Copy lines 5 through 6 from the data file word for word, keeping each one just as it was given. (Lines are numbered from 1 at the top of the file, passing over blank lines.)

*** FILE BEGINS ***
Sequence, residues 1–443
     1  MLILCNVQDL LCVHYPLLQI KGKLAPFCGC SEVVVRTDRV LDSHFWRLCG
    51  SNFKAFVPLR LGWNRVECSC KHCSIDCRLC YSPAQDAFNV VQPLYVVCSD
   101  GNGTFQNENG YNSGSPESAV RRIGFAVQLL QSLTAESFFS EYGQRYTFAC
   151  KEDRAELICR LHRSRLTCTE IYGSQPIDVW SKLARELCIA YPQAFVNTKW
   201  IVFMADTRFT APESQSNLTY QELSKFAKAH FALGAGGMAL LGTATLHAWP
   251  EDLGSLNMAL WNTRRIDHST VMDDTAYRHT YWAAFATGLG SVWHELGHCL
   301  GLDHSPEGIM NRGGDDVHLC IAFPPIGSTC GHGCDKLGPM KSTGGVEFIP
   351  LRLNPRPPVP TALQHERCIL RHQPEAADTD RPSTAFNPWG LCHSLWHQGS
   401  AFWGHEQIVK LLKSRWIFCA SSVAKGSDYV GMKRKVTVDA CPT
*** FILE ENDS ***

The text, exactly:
   151  KEDRAELICR LHRSRLTCTE IYGSQPIDVW SKLARELCIA YPQAFVNTKW
   201  IVFMADTRFT APESQSNLTY QELSKFAKAH FALGAGGMAL LGTATLHAWP